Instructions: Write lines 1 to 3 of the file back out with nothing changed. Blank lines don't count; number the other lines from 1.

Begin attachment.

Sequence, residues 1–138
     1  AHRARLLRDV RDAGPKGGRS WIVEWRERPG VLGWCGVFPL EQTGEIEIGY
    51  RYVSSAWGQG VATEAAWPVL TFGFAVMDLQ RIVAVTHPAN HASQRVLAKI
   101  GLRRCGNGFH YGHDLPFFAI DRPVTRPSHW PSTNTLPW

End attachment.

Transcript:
Sequence, residues 1–138
     1  AHRARLLRDV RDAGPKGGRS WIVEWRERPG VLGWCGVFPL EQTGEIEIGY
    51  RYVSSAWGQG VATEAAWPVL TFGFAVMDLQ RIVAVTHPAN HASQRVLAKI